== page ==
Its policy, for example, includes an exemption for “any other portable electronic device that the operator of the aircraft has determined will not cause interference with the navigation or communication system of the aircraft on which it is to be used.”

In 2013, the Federal Communications Commission considered lifting the ban for flights above 10,000 feet after the FAA loosened its rules and allowed passengers to send texts and emails from their phones during flights.

Both agencies have mostly taken a hands-off approach to deciding whether all airlines should ban calls, with the FCC noting that its proposal was “a purely technical decision” based on possible safety issues.

The FCC’s rules, which haven’t yet been adopted, would have allowed airlines to install an “Airborne Access System” that would let travelers connect their devices to commercial wireless networks, similar to current Wi-Fi service available on many flights.

Representative Shuster’s plan comes amid a larger debate about the FAA’s progress on its “NextGen” modernization effort, which launched more than a decade ago in an effort to switch to a satellite-based system.

Shuster’s plan is likely to be modeled on one in Canada, which created a non-profit corporation to run its air traffic system a decade ago. But the proposal has faced opposition from Democratic lawmakers on the transportation committee in both chambers.

Though the head of the National Air Traffic Controllers Union has said he plans to withhold judgment until more details about the plan are revealed, a bipartisan group of legislators who currently oversee parts of the FAA’s budget have cautioned that the system is still untested.

“We have concerns about any proposal that would transfer all decisions on financial investments and fees — on airlines and the public — to an independent entity that is not accountable to the people we serve," wrote senior GOP and Democratic members of the House Appropriations Committee in a letter sent to their party leaders last week.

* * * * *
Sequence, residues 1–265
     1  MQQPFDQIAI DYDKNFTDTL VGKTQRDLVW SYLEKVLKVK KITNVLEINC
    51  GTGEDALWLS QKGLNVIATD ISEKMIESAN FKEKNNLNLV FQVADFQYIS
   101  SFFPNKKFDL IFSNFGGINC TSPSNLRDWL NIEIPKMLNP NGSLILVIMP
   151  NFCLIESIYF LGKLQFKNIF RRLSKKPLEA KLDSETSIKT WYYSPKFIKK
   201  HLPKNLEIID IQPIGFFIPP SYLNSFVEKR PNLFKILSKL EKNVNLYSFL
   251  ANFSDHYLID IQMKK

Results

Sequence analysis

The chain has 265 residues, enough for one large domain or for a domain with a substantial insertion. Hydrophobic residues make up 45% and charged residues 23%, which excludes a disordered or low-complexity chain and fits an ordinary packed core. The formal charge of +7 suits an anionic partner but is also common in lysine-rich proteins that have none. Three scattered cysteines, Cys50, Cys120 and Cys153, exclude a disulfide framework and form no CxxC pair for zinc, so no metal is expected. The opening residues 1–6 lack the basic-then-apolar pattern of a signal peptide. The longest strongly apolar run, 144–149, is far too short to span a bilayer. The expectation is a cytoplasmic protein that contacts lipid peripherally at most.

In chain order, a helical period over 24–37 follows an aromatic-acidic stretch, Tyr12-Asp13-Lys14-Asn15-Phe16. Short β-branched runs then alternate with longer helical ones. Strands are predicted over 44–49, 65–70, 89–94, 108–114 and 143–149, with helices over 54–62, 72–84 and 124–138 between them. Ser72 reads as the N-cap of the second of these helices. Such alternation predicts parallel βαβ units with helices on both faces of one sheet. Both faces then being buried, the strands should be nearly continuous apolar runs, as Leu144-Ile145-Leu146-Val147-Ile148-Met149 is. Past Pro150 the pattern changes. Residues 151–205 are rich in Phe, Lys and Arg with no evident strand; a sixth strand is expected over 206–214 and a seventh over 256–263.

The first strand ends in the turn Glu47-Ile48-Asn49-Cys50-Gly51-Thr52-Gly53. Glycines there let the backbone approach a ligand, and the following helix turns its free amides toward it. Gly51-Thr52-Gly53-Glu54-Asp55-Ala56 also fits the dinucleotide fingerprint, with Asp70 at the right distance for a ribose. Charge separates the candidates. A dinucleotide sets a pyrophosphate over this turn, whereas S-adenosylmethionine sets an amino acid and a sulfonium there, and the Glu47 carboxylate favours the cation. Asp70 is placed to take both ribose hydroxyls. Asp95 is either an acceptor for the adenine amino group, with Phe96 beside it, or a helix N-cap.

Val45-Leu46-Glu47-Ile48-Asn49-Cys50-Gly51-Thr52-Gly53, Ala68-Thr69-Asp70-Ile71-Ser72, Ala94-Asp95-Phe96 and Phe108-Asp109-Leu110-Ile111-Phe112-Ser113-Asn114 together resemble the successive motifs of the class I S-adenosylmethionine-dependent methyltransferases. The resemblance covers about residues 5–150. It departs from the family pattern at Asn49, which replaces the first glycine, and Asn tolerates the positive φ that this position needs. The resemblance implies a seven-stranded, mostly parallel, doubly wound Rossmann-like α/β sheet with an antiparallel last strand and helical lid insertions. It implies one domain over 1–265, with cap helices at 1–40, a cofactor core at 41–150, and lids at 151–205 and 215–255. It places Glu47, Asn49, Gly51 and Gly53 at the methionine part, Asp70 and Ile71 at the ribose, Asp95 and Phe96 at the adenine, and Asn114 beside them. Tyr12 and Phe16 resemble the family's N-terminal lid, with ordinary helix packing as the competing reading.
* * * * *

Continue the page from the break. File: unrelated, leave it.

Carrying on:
Lawmakers are set to review the proposal at a hearing Wednesday — though seeing a permanent ban on cellphone use is still likely a long ways off, for better or worse.

You've read  of  free articles. Subscribe to continue.

Dear Reader,

About a year ago, I happened upon this statement about the Monitor in the Harvard Business Review – under the charming heading of “do things that don’t interest you”:

“Many things that end up” being meaningful, writes social scientist Joseph Grenny, “have come from conference workshops, articles, or online videos that began as a chore and ended with an insight. My work in Kenya, for example, was heavily influenced by a Christian Science Monitor article I had forced myself to read 10 years earlier. Sometimes, we call things ‘boring’ simply because they lie outside the box we are currently in.”

If you were to come up with a punchline to a joke about the Monitor, that would probably be it. We’re seen as being global, fair, insightful, and perhaps a bit too earnest. We’re the bran muffin of journalism.

But you know what? We change lives. And I’m going to argue that we change lives precisely because we force open that too-small box that most human beings think they live in.

The Monitor is a peculiar little publication that’s hard for the world to figure out. We’re run by a church, but we’re not only for church members and we’re not about converting people. We’re known as being fair even as the world becomes as polarized as at any time since the newspaper’s founding in 1908.

We have a mission beyond circulation, we want to bridge divides. We’re about kicking down the door of thought everywhere and saying, “You are bigger and more capable than you realize. And we can prove it.”

If you’re looking for bran muffin journalism, you can subscribe to the Monitor for $15. You’ll get the Monitor Weekly magazine, the Monitor Daily email, and unlimited access to CSMonitor.com.